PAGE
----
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A vision for hydrological prediction

Lavers, D. A., Ramos, M.-H., Magnusson, L., Pechlivanidis, I., Klein, B., Prudhomme, C., Arnal, L., Crochemore, L., van den Hurk, B., Weerts, A. H., Harrigan, S., Cloke, H. L., Richardson, D. S. and Pappenberger, F. (2020) A vision for hydrological prediction. Atmosphere, 11 (3). 237. ISSN 2073-4433

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To link to this item DOI: 10.3390/atmos11030237

Abstract/Summary

IMproving PRedictions and management of hydrological EXtremes (IMPREX) was a European Union Horizon 2020 project that ran from September 2015 to September 2019. Its aim was to improve society’s ability to anticipate and respond to future extreme hydrological events in Europe across a variety of uses in the water-related sectors (flood forecasting, drought risk assessment, agriculture, navigation, hydropower, and water supply utilities). Through the engagement with stakeholders and continuous feedback between model outputs and water applications, progress was achieved in better understanding the way hydrological predictions can be useful to (and operationally incorporated into) problem solving in the water sector. The work and discussions carried out during the project nurtured further reflections towards a common vision for hydrological prediction. In this article, we summarize the main findings of the IMPREX project within a broader overview of hydrological prediction, providing a vision for improving such predictions. In so doing, we firstly present a synopsis of hydrological and weather forecasting, with a focus on medium-range to seasonal scales of prediction for increased preparedness. Second, the lessons learnt from IMPREX are discussed. The key findings are the gaps highlighted in the global observing system of the hydrological cycle, the degree of accuracy of hydrological models and the techniques of post-processing to correct biases, the origin of seasonal hydrological skill in Europe, and user requirements of hydrometeorological forecasts to ensure their appropriate use in decision-making models and practices. Lastly, a vision for how to improve these forecast systems/products in the future is expounded and these include advancing numerical weather and hydrological models, improved earth monitoring, and more frequent interaction between forecasters and users to tailor the forecasts to applications. We conclude that if these improvements can be implemented in the coming years, earth system and hydrological modelling will become more skilful, thus leading to socioeconomic benefits for the citizens of Europe and beyond.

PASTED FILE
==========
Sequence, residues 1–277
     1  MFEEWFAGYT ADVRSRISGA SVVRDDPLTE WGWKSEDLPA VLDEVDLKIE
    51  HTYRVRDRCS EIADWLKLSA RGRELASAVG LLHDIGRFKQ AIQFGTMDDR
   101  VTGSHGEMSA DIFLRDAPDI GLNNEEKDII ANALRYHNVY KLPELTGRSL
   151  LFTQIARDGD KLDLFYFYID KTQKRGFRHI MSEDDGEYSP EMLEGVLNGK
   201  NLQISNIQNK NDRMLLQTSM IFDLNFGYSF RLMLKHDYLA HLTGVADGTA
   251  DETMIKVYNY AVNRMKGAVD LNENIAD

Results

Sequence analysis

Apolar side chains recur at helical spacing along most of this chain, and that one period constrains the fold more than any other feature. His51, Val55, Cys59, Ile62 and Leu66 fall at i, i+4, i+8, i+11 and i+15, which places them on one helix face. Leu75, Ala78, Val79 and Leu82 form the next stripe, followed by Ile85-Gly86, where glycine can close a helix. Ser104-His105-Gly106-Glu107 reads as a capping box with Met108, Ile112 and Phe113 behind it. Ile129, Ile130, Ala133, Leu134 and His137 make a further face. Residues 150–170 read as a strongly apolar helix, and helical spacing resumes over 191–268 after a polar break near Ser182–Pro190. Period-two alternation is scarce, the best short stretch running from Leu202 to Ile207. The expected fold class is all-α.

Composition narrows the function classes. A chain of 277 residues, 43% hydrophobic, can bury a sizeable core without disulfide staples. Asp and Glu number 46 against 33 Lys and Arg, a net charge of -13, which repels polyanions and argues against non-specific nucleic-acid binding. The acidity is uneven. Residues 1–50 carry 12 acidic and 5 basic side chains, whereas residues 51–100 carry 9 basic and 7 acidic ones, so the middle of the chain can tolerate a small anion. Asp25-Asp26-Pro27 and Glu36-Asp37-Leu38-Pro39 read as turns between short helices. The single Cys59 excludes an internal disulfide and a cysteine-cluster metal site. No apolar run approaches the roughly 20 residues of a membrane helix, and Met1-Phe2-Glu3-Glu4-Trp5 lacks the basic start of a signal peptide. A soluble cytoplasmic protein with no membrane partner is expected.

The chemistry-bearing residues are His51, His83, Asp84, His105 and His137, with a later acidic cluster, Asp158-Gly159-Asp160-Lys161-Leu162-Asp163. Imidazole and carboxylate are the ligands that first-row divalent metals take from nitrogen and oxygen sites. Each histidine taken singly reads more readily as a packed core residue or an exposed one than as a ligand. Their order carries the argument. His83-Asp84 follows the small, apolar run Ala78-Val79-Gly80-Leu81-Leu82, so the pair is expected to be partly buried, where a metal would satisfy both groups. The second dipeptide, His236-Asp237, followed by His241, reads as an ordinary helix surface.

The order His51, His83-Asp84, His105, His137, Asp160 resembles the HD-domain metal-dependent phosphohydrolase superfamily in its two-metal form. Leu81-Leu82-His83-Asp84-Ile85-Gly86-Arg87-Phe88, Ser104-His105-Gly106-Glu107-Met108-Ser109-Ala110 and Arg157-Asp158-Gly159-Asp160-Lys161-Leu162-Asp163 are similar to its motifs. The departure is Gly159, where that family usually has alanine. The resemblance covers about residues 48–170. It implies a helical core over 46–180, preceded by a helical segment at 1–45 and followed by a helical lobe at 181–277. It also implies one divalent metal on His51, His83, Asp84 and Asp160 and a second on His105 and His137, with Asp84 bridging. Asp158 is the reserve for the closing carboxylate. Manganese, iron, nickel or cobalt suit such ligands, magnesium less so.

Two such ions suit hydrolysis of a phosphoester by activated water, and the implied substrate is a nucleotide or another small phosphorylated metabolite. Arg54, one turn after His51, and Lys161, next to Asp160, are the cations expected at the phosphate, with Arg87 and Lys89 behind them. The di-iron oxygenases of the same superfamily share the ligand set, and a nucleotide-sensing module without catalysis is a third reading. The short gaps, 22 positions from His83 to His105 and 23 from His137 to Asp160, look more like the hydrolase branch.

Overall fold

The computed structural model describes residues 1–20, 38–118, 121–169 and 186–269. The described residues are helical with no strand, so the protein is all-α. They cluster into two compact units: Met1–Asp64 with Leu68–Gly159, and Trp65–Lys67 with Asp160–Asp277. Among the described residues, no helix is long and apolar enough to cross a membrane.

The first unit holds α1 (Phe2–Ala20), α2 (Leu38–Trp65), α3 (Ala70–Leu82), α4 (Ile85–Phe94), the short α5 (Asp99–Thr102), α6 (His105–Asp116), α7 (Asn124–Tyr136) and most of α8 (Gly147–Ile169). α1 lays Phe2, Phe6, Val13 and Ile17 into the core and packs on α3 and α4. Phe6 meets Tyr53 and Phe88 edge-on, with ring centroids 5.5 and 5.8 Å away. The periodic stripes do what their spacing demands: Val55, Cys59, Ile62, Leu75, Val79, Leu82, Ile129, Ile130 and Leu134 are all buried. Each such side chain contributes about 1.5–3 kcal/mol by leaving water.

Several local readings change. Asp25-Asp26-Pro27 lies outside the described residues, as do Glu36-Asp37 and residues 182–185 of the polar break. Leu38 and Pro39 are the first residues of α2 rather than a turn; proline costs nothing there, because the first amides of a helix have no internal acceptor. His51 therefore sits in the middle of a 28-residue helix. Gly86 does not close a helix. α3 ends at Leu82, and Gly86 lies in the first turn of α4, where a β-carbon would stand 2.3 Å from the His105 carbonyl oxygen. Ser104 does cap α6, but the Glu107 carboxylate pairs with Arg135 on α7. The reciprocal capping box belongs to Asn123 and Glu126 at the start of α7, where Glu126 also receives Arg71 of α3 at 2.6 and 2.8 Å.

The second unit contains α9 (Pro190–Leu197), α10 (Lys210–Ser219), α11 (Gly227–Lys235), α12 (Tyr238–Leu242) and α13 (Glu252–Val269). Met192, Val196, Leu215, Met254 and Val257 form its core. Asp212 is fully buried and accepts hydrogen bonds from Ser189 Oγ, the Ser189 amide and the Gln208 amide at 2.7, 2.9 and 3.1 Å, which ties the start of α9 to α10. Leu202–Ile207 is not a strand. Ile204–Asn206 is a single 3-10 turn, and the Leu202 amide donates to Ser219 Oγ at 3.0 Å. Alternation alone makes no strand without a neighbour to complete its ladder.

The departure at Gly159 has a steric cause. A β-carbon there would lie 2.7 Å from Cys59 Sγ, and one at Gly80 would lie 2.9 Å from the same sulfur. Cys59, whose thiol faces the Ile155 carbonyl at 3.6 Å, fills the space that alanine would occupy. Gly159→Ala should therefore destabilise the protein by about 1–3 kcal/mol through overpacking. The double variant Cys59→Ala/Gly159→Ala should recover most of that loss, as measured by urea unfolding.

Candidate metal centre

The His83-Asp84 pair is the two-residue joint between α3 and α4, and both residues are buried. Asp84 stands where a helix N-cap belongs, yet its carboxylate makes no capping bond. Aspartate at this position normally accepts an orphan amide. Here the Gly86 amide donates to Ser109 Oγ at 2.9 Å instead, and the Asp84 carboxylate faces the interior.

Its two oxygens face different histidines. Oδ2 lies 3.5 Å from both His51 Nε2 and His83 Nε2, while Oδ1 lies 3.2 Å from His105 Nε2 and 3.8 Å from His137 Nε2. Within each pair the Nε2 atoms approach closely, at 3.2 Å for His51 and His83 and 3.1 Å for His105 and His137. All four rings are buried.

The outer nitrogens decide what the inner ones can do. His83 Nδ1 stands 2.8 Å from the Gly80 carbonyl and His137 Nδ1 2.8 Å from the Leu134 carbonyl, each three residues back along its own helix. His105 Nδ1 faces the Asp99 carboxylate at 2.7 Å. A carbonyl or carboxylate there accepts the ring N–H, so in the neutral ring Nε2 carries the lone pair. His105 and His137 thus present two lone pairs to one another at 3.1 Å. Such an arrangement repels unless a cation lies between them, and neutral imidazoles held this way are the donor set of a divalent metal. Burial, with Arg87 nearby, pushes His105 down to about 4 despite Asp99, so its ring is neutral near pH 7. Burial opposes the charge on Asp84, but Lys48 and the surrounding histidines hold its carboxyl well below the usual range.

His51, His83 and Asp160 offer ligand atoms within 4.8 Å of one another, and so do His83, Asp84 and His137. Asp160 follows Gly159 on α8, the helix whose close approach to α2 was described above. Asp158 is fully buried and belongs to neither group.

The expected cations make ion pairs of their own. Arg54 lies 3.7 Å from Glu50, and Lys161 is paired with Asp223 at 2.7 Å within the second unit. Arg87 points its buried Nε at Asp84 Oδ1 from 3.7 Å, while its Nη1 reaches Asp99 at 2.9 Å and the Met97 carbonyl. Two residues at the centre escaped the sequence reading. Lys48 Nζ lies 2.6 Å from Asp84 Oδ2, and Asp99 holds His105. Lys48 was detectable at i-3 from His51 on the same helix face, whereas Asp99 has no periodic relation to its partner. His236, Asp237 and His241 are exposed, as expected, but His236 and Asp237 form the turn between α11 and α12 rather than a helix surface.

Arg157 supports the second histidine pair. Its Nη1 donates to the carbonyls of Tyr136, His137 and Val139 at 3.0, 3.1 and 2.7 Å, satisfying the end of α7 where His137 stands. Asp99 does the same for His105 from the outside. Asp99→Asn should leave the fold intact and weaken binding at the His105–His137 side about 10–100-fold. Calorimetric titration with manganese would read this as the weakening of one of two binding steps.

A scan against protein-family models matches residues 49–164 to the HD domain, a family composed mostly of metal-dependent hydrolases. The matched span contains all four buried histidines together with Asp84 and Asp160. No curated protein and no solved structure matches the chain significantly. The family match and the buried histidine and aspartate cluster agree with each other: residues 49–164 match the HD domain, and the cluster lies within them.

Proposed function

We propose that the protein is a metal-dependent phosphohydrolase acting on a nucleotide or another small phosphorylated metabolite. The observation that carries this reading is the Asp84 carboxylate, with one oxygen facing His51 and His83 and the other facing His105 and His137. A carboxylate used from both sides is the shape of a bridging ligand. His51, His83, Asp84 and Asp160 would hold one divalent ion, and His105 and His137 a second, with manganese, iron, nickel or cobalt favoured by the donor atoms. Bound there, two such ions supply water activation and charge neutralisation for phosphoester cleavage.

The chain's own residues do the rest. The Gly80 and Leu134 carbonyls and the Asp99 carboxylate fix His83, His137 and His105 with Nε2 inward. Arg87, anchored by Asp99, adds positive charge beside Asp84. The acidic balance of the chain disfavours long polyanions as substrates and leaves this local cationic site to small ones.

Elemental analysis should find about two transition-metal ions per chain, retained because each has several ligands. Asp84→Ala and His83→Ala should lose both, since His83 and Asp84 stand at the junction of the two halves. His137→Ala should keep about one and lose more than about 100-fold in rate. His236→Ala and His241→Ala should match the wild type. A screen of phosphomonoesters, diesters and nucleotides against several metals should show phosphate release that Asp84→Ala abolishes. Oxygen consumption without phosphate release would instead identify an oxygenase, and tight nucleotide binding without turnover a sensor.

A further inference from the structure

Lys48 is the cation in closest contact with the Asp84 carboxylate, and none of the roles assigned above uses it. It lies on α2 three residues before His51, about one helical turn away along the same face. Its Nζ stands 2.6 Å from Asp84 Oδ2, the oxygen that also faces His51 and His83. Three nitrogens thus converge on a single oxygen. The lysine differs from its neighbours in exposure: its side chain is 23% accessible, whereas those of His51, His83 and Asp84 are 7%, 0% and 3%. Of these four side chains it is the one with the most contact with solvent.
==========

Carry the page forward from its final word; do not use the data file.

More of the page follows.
Item Type:Article
Refereed:Yes
Divisions:Faculty of Science > School of Archaeology, Geography and Environmental Science > Department of Geography and Environmental Science
Faculty of Science > School of Mathematical, Physical and Computational Sciences > Department of Meteorology
ID Code:89243
Publisher:MDPI

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